This is an excerpt of a letter from Hudson Taylor to his beloved sister, written while on the mission field in China.

"There is one thing I would specially warn you of the greatest curses I believe of the present day-the practice of novel-reading. If you value your mind and soul, avoid it as you would a dangerous serpent. I cannot tell you what I would give to be able to forget certain novels I have read and to efface their influence from my memory. And I firmly believe, though some would deny it,....that no Christian ever did or ever will read them without injury,.....very serious injury too, if the habit is indulged in. It is like opium-smoking, and begets a craving for more that must be supplied. Better books are neglected, and no one can estimate the mischief that results. Few, I believe, could honestly ask God's blessing upon the reading of a novel, and f…

What's missing

I have a new teenage girl whom I tutor at the orphanage. After completing her English assignment together, she showed me a poem that she had written in Russian for a composition class. It said something to the effect of:

"Living in the orphanage,
there is no mother when you wake up.
There is no one you can ask,
'Can I stay in bed a little longer?
Or is it time to get up for school?' "

(Major paraphrasing, as I don't remember the exact words).

The kids know what they are missing, even if many years have passed since they've lived in a family. Their counselors feed and clothe them, help with homework, give them advice about difficult situations in life. But at night the counselors go home. No one tucks the children in individually and wakes them up with a motherly touch. This absence is felt even by a "grown-up" fourteen-year-old girl, who in a normal family might already be reaching for independence.

Hymn #6

Here I am, Lord

I, the Lord of sea and sky,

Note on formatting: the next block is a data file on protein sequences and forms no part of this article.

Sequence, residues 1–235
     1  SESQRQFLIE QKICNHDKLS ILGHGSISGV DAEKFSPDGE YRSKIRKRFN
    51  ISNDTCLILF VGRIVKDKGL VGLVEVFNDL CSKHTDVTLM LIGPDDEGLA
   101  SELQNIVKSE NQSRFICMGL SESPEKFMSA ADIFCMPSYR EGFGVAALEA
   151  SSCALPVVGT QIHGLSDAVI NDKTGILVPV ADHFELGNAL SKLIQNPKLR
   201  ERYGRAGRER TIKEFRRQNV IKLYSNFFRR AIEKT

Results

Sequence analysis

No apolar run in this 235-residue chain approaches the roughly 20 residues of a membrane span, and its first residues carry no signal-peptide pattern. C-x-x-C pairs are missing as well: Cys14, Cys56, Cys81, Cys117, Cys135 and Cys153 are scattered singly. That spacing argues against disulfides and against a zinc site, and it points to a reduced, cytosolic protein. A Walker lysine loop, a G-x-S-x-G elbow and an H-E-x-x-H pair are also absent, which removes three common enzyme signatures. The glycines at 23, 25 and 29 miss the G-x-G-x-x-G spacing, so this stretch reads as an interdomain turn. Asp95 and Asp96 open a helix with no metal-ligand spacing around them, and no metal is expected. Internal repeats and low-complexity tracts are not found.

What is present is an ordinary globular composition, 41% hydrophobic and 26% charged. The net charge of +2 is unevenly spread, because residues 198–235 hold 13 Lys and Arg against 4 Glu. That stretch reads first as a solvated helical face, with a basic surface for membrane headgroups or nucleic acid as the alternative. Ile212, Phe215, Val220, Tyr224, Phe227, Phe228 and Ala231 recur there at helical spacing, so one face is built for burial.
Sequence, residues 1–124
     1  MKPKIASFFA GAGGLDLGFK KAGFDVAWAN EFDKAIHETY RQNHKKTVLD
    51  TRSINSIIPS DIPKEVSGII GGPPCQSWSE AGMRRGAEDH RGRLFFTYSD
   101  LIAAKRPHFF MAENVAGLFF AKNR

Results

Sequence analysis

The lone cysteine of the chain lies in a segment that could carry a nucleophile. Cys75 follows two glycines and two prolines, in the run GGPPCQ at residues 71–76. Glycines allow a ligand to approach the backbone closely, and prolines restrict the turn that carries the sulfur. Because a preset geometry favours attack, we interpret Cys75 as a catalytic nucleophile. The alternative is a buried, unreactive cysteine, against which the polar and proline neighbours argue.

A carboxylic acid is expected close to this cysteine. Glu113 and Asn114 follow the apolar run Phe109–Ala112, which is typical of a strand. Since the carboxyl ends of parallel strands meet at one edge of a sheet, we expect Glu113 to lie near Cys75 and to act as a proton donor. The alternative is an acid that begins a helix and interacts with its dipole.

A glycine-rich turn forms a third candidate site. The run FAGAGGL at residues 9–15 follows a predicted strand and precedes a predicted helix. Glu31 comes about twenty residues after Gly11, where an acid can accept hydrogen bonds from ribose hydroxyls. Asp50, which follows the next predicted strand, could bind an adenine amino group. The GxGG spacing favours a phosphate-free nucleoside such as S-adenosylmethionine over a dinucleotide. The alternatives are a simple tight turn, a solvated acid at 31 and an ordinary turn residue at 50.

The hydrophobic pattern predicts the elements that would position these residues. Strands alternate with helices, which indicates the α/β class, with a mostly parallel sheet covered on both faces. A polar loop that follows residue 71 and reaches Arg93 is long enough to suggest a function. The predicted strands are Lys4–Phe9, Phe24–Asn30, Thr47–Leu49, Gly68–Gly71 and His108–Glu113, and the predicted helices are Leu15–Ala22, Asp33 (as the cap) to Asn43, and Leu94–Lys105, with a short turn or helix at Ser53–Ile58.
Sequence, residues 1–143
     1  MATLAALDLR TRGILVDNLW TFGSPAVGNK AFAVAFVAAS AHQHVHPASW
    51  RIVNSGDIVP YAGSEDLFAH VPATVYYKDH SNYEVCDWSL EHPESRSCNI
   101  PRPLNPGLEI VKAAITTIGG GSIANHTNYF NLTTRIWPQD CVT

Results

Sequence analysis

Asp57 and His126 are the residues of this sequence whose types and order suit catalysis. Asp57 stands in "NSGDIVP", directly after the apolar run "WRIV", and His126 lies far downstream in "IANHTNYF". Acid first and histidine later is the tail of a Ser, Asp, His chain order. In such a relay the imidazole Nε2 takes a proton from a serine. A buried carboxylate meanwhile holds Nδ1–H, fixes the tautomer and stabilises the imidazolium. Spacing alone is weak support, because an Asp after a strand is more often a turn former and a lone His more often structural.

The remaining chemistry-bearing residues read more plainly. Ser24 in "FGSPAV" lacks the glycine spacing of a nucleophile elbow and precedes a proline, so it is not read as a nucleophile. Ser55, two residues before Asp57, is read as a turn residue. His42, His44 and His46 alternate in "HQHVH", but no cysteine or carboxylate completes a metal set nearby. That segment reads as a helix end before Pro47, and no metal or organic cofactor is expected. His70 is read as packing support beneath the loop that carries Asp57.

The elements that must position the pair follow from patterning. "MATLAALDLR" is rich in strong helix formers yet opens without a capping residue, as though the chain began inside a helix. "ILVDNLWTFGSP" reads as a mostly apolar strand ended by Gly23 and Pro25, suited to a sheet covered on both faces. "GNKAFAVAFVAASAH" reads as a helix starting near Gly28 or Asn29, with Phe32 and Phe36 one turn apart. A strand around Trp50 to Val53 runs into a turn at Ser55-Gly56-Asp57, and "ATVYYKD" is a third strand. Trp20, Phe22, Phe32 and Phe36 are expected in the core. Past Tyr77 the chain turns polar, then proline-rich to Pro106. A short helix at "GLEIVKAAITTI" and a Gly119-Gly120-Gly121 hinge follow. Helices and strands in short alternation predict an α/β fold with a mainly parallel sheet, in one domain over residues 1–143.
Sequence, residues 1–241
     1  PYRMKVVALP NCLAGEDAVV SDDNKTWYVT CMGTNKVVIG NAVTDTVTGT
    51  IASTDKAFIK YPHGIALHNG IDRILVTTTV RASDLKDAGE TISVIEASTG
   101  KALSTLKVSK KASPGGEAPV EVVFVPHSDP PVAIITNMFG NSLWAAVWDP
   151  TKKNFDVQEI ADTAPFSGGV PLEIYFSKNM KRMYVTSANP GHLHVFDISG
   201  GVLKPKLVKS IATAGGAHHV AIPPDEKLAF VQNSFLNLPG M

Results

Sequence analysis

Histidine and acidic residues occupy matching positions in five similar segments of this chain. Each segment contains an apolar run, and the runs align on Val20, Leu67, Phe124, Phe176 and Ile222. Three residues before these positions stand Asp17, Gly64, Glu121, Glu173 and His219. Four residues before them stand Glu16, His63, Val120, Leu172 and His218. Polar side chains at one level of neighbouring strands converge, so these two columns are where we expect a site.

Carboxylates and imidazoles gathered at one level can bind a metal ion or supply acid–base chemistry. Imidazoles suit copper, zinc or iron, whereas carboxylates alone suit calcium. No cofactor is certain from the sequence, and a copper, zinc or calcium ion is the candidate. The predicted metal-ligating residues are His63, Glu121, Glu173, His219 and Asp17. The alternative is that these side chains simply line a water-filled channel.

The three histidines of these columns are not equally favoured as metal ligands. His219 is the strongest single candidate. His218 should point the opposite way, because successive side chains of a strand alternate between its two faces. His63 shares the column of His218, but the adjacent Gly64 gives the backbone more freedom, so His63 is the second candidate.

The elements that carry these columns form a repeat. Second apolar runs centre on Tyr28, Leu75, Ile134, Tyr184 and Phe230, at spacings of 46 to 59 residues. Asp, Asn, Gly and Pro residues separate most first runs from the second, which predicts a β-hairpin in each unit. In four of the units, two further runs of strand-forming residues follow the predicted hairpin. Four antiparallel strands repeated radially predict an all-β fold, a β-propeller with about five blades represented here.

I have heard my people cry.

All who dwell in dark and sin,

My hand will save.


Here I am, Lord. Is it I, Lord?

I have heard you calling in the night.

I will go, Lord, if you lead me.

I will hold your people in my heart.

I, who made the stars of night,

I will make their darkness bright.

Who will bear my light to them?

Whom shall I send?


Here I am, Lord. Is it I, Lord?

I have heard you calling in the night.

I will go, Lord, if you lead me.

I will hold your people in my heart.

I, the Lord of snow and rain,

I have borne my people’s pain.

I have wept for love of them.

They turn away.


Here I am, Lord. Is it I, Lord?

I have heard you calling in the night.

I will go, Lord, if you lead me.

I will hold your people in my heart.

I will break their hearts of stone,

Give them hearts for love alone.

I will speak my words to them.

Whom shall I send?


Here I am, Lord. Is it I, Lord?

I have heard you calling in the night.

I will go, Lord, if you lead me.

I will hold yo…

Meditation, part 2

To continue an earlier post, I wanted to mention this quote from Charles Spurgeon.

"I like to open the Bible and pray, "Lord God, let the words leap off the page into my soul; make them vivid, powerful, and fresh to my heart."

"How are we to handle this sword of 'It is written'? First, with deepest reverence. Let every word that God has spoken be law and gospel to you. Never trifle with it; never try to evade its force or change its meaning. God speaks to you in this book as much as if he came to the top of Sinai and lifted up his voice with thunder.
I like to open the Bible and pray, 'Lord God, let the words leap off the page into my soul; make them vivid, powerful, and fresh to my heart.'"